Koch brothers launch energy-focused super PAC

Source: Daniel Bush, E&E reporter • Posted: Wednesday, June 18, 2014

A new political group backed by billionaire Republican donors Charles and David Koch plans to spend millions of dollars on energy-related issues in the midterm elections.

The oil magnate Koch brothers unveiled the super political action committee, Freedom Partners Action Fund, at a closed-door conference with GOP donors over the weekend near Laguna Beach, Calif.

Freedom Partners, run by a former Koch Industries lobbyist, plans to spend more than $13 million on anti-environmental messaging as part of a reported $290 million election-year effort to help elect conservative candidates.

The super PAC moved quickly to criticize Democrats and the Obama administration, saying the federal government relies on “unsound science to justify its decisions” on energy policy.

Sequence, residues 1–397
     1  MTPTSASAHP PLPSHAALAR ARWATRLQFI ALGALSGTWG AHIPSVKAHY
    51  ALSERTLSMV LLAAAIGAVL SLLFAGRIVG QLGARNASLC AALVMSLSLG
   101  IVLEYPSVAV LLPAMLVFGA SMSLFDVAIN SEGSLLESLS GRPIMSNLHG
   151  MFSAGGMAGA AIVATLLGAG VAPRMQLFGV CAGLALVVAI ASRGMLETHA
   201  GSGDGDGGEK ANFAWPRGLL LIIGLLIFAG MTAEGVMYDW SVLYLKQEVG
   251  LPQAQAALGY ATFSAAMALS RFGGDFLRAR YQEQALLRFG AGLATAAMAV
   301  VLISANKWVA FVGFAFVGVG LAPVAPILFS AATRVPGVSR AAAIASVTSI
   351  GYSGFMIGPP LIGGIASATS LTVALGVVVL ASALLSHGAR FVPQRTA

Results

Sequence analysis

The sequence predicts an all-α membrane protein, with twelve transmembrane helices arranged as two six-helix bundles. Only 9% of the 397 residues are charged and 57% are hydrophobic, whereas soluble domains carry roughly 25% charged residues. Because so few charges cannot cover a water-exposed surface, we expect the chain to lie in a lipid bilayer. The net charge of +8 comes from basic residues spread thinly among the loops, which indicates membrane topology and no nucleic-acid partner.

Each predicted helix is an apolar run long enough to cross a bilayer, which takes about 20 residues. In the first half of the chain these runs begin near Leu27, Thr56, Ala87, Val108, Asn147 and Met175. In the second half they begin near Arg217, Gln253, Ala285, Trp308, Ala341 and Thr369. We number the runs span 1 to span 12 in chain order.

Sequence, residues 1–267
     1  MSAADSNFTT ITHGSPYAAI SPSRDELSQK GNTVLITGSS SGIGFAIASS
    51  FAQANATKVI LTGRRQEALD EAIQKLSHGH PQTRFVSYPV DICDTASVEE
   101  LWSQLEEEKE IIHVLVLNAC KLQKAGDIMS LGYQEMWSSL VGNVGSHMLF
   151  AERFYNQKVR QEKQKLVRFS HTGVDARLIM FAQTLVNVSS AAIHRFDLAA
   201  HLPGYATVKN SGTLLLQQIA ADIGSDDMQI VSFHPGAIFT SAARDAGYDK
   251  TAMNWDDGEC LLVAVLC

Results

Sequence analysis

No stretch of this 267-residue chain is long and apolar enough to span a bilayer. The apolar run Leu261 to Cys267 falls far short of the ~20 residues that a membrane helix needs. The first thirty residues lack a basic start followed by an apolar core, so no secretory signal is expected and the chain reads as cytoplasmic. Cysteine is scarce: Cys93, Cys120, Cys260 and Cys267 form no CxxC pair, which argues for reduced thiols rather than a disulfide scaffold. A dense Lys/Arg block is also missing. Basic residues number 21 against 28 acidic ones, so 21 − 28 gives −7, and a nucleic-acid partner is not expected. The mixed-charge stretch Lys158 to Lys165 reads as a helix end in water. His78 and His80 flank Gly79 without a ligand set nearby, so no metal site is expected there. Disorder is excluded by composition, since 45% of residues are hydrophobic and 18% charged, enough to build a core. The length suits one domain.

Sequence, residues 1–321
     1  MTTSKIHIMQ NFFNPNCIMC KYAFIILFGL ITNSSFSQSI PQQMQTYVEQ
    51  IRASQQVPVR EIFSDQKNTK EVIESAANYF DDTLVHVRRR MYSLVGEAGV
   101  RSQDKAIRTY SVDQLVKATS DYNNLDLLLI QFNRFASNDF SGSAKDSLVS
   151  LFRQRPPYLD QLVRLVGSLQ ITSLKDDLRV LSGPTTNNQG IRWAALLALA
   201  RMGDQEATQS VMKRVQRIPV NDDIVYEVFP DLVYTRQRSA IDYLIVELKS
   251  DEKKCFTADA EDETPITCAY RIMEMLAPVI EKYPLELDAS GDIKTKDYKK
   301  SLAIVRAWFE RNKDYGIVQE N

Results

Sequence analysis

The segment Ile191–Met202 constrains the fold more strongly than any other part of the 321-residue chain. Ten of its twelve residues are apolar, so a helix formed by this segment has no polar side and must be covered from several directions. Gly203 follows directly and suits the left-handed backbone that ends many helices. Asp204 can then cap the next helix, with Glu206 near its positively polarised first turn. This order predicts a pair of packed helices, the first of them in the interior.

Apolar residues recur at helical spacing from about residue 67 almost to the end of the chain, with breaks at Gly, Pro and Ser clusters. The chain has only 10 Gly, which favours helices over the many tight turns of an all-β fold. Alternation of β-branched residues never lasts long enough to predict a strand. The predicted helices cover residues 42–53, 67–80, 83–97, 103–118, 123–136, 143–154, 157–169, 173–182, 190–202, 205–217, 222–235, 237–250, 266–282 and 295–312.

“Technological advancements and innovation from private industry have ensured an abundant supply of energy” including coal, oil and natural gas, the group wrote on its website. But “environmental regulations, an unaccountable federal bureaucracy, activist judges, and the fringe environmental groups are working together to stall the production and use of these vital resources.”

The super PAC is an outgrowth of the Freedom Partners Chamber of Commerce, the Koch brothers-backed trade association that spent nearly $240 million in 2012 on nonprofit groups including Americans for Prosperity, finance records show.

Americans for Prosperity and other groups with ties to the Koch brothers have been vocal opponents of environmental regulations that would limit carbon emissions from the oil and gas industries.

Unlike the Freedom Partners Chamber of Commerce, the super PAC is required by law to list the names of its donors. But the group’s transparency is unlikely to appease Democrats, led by Senate Majority Leader Harry Reid (D-Nev.), who have hammered the Koch brothers’ influence on politics in recent months.

The Koch network has already raised more than half of its eye-opening $290 million fundraising goal for the cycle, according to a report by the Daily Beast.